In his post, the imprisoned protest leader noted his "surprise" that "almighty Big Tech" complied with Moscow's request to delete his 'Smart Voting' app before Russia held parliamentary elections September 17–19.
"The giants Apple and Google have complied with the Kremlin's demands and removed our app from their stores. My beloved YouTube has deleted our video, and the Telegram messenger has blocked our bot," he lamented.
"This means that [big tech] recognizes the right of an authoritarian thief to subjugate the Internet, turning it into an instrument for seizure of power," he continued.
Apple and Google removed the Navalny app from their application stores before Russians cast ballots in national elections to the country's parliament last weekend. According to the New York Times, Google deleted it after Moscow threatened to arrest local staff on extremism charges, naming specific individuals who would face prosecution.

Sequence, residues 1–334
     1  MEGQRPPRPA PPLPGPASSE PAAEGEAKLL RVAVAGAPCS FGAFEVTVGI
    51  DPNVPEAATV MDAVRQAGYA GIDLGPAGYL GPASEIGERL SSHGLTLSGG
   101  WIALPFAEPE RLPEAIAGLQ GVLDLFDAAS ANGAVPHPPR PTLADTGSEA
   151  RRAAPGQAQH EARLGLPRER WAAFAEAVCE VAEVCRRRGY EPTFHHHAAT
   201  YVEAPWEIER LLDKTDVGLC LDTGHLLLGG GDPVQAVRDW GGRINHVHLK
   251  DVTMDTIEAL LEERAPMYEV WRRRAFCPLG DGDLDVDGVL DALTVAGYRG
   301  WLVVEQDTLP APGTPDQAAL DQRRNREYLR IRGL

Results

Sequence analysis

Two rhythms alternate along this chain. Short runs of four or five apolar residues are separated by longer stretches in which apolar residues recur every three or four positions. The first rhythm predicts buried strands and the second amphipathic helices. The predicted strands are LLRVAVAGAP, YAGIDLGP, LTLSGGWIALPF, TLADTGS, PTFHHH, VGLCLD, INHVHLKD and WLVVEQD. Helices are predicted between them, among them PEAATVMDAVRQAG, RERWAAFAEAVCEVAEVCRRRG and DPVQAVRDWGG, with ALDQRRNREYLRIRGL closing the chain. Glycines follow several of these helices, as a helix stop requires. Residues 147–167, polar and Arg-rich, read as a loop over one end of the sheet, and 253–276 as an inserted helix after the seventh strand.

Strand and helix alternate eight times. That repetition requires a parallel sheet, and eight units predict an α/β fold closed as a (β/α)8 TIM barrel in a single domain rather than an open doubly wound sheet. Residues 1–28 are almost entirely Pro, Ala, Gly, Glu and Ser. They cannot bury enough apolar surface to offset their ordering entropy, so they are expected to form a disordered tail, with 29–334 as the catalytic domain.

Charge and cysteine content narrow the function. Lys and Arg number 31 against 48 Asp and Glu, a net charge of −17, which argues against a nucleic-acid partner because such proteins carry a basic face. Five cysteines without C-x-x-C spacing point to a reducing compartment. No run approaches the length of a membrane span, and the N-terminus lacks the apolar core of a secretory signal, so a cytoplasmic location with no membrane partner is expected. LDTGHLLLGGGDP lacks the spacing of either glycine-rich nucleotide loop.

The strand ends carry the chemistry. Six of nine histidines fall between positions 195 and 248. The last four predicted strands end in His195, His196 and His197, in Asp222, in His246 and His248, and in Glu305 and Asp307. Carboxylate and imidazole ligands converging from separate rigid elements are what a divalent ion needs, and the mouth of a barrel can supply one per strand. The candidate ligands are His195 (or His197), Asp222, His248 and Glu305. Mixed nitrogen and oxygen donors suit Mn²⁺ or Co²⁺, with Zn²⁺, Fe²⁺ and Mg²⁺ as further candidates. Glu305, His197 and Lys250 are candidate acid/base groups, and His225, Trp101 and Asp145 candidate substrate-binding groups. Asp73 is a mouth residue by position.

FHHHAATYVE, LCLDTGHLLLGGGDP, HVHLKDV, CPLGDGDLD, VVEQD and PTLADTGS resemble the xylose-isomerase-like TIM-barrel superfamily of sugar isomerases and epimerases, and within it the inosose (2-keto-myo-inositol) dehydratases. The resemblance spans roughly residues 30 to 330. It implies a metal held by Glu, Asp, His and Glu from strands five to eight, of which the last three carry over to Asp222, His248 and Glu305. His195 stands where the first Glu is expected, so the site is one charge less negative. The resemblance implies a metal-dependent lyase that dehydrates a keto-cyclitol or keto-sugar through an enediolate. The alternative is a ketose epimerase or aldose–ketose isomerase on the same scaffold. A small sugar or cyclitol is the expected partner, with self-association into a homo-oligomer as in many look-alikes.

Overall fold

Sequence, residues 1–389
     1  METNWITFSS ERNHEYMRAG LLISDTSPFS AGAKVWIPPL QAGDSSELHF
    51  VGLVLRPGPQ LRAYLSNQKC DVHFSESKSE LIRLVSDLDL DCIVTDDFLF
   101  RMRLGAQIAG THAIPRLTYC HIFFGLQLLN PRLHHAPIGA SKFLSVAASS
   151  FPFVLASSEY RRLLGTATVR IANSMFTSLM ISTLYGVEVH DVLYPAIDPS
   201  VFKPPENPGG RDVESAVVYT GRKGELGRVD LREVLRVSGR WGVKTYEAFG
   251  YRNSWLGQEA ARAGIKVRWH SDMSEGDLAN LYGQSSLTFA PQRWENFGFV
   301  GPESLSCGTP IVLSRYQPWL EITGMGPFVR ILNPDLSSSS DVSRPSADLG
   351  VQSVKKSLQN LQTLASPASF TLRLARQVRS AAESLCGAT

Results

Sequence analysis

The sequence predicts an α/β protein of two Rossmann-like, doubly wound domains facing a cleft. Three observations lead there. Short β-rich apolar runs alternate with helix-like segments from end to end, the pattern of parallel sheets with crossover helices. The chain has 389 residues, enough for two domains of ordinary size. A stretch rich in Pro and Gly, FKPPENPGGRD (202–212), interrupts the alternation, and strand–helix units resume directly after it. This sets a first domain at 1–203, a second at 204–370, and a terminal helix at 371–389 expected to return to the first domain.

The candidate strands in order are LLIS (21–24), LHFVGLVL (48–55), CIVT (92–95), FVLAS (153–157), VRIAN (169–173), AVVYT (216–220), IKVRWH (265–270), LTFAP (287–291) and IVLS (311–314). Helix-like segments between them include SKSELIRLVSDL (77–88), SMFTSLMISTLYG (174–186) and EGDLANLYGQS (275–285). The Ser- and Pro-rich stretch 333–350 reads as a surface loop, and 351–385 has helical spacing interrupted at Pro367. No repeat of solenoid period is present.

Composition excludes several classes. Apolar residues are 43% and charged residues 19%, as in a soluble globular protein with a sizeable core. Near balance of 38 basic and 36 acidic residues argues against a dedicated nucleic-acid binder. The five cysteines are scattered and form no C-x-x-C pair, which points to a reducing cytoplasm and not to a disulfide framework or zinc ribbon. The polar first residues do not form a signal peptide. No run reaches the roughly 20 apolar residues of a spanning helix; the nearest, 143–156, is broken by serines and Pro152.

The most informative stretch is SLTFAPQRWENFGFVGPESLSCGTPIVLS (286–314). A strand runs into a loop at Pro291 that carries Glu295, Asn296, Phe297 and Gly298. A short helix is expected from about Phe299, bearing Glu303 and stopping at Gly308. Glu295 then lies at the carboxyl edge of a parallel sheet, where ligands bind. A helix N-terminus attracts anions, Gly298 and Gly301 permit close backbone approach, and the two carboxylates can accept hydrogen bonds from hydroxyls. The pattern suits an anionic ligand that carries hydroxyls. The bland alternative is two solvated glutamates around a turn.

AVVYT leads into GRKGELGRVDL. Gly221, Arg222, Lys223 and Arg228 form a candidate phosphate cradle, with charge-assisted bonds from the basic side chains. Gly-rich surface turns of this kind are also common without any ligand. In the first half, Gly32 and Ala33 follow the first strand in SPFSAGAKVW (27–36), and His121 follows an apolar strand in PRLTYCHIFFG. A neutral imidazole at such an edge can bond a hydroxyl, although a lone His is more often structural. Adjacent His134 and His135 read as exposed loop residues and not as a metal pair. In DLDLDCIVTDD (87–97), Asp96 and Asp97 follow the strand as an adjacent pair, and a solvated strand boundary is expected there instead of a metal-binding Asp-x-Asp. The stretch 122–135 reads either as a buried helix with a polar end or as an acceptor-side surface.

Google later removed two Google docs and two YouTube videos listing the candidates Navalny's team had chosen to back in each constituency as part of its 'Smart Voting' scheme.
The jailed opposition figure also took aim at Pavel Durov, the Russian owner of the Telegram messenger app. The Dubai-based company blocked a bot run by Navalny's team.
"One of the modern challenges is that false prophets now come to us not in sheep's clothing, but in hoodies and stretched jeans," Navalny wrote. "Standing in front of the huge screens, they tell us about 'making the world a better place,' but on the inside, they are liars and hypocrites."
Last week, the Russian Foreign Ministry's official spokeswoman, Maria Zakharova, told the TASS news agency that foreign tech giants have no more chances to ignore the country's legal requirements.
"Everyone must comply with the Russian law," she said. "Other states have the same requirement for foreign companies and citizens operating on their territory."
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